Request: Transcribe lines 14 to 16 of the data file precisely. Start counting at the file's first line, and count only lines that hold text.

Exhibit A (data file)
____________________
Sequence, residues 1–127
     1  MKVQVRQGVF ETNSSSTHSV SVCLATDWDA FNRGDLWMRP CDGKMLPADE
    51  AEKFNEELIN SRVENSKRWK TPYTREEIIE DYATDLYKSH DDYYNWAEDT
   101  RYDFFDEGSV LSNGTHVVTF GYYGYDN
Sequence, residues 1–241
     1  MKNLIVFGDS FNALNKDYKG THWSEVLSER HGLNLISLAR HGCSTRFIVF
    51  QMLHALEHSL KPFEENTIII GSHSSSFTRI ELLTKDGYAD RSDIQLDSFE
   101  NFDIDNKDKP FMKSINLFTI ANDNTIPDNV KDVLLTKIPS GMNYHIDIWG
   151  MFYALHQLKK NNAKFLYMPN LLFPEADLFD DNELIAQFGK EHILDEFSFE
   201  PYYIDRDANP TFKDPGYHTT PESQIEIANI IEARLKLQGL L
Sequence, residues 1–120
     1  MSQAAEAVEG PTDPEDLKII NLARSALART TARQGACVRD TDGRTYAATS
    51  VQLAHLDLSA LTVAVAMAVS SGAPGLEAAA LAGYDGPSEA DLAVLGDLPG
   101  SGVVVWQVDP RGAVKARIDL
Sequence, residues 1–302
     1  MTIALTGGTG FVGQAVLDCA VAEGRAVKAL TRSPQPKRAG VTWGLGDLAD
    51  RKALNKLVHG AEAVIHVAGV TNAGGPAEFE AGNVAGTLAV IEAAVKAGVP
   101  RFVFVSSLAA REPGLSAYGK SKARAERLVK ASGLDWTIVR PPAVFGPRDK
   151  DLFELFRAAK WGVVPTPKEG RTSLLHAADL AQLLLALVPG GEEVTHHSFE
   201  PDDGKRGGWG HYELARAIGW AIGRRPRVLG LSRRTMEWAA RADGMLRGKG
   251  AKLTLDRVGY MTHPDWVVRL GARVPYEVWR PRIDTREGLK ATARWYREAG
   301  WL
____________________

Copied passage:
   101  SGVVVWQVDP RGAVKARIDL
Sequence, residues 1–302
     1  MTIALTGGTG FVGQAVLDCA VAEGRAVKAL TRSPQPKRAG VTWGLGDLAD